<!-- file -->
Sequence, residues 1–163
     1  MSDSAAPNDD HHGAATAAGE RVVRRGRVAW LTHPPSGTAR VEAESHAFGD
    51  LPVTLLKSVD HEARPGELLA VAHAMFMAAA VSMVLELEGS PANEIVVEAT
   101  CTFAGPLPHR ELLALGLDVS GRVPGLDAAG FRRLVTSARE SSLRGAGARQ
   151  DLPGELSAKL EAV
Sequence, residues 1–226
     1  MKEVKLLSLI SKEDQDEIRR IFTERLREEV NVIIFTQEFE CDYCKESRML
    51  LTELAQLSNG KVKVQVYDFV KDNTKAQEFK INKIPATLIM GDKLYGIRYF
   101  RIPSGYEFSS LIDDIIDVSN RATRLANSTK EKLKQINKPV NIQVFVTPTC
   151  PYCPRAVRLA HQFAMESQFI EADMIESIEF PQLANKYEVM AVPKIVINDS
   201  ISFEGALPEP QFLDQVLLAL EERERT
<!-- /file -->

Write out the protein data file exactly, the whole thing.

Sequence, residues 1–163
     1  MSDSAAPNDD HHGAATAAGE RVVRRGRVAW LTHPPSGTAR VEAESHAFGD
    51  LPVTLLKSVD HEARPGELLA VAHAMFMAAA VSMVLELEGS PANEIVVEAT
   101  CTFAGPLPHR ELLALGLDVS GRVPGLDAAG FRRLVTSARE SSLRGAGARQ
   151  DLPGELSAKL EAV
Sequence, residues 1–226
     1  MKEVKLLSLI SKEDQDEIRR IFTERLREEV NVIIFTQEFE CDYCKESRML
    51  LTELAQLSNG KVKVQVYDFV KDNTKAQEFK INKIPATLIM GDKLYGIRYF
   101  RIPSGYEFSS LIDDIIDVSN RATRLANSTK EKLKQINKPV NIQVFVTPTC
   151  PYCPRAVRLA HQFAMESQFI EADMIESIEF PQLANKYEVM AVPKIVINDS
   201  ISFEGALPEP QFLDQVLLAL EERERT